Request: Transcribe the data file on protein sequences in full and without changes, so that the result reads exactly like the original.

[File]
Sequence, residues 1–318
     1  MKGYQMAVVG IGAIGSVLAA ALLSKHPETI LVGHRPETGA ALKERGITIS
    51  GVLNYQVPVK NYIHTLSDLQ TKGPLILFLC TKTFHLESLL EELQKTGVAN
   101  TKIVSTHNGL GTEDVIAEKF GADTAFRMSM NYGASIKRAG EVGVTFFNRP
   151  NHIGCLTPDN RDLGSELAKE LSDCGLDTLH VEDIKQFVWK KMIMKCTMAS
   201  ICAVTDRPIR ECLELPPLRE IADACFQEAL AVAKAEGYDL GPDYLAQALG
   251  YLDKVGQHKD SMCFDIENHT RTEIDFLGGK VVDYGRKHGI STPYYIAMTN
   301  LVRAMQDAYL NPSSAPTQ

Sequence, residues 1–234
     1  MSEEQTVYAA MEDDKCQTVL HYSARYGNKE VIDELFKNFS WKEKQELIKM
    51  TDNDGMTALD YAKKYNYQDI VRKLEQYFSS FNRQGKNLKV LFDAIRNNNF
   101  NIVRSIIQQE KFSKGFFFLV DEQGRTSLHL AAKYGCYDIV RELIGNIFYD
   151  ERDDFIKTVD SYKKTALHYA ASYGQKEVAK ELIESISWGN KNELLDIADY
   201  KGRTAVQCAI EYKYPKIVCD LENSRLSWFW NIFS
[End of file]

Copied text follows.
Sequence, residues 1–318
     1  MKGYQMAVVG IGAIGSVLAA ALLSKHPETI LVGHRPETGA ALKERGITIS
    51  GVLNYQVPVK NYIHTLSDLQ TKGPLILFLC TKTFHLESLL EELQKTGVAN
   101  TKIVSTHNGL GTEDVIAEKF GADTAFRMSM NYGASIKRAG EVGVTFFNRP
   151  NHIGCLTPDN RDLGSELAKE LSDCGLDTLH VEDIKQFVWK KMIMKCTMAS
   201  ICAVTDRPIR ECLELPPLRE IADACFQEAL AVAKAEGYDL GPDYLAQALG
   251  YLDKVGQHKD SMCFDIENHT RTEIDFLGGK VVDYGRKHGI STPYYIAMTN
   301  LVRAMQDAYL NPSSAPTQ

Sequence, residues 1–234
     1  MSEEQTVYAA MEDDKCQTVL HYSARYGNKE VIDELFKNFS WKEKQELIKM
    51  TDNDGMTALD YAKKYNYQDI VRKLEQYFSS FNRQGKNLKV LFDAIRNNNF
   101  NIVRSIIQQE KFSKGFFFLV DEQGRTSLHL AAKYGCYDIV RELIGNIFYD
   151  ERDDFIKTVD SYKKTALHYA ASYGQKEVAK ELIESISWGN KNELLDIADY
   201  KGRTAVQCAI EYKYPKIVCD LENSRLSWFW NIFS